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Posted October 14, 2019

Accelerating Database Recovery with SQL Server 2019

By Greg Larsen

Have you ever cancelled a large transaction, only to find it doesn’t cancel immediately? Instead of cancelling immediately you must wait for a period of time before the transaction is cancelled.  The reason it takes so long to cancel a large transaction is because SQL Server has to read the transaction log to restore the data pages back to the images prior to the long-running transaction. Restoring all these old images from the transaction log takes the time and is why your transaction doesn’t terminate instantly.

With the introduction of SQL Server 2019, the SQL Server team has implemented a database recovery option called “Accelerated Database Recover”.  This new database option can be turned on by using the following command: 


At a high level when this new feature is turned on for a database the SQL Server engine stores old and new versions of updated rows in the database in a Persisted Version Store (PVS), instead of storing these row versions in tempdb.   Additionally, all non-versioned operations are stored in a new log, called the sLog.  By doing this SQL Server is able to undo a transaction by reading the old row version from the database asynchronously and use the sLog to roll back the non-versioned operations.  Because the old row version is stored in the PVS the database engine is able to almost instantaneous roll back the versioned updates.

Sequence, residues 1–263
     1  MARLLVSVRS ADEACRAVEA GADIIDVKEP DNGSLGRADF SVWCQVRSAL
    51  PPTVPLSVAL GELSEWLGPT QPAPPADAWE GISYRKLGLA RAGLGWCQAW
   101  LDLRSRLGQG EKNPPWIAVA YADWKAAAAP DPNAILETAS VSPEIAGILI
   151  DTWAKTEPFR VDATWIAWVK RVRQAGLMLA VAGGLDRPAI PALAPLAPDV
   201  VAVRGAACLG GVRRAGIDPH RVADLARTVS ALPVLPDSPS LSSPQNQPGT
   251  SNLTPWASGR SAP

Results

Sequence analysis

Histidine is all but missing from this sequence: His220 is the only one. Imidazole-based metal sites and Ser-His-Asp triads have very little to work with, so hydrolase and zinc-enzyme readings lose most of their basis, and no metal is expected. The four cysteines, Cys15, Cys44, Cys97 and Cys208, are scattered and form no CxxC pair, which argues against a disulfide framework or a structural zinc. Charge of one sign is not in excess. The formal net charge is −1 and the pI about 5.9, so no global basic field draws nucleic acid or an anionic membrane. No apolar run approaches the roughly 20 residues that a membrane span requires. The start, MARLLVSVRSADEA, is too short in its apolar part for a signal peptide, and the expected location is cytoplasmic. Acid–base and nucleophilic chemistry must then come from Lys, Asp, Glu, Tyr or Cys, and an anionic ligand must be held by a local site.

This new database feature is targeted databases that have:

  • Workloads with long running transaction

  • Transactions that cause the transaction log to grow significantly

  • Database that are unavailable for long period of time while the database is being rolled back due to a cancelled transaction, or Database recovery takes a long period after a manual rollback, or SQL Server restart.

If you are looking to speed up the rollback process and can live with the additional database space needed for the PVS, then you might want to turn on the “Accelerate Database Recovery” option.

» See All Articles by Columnist Gregory A. Larsen

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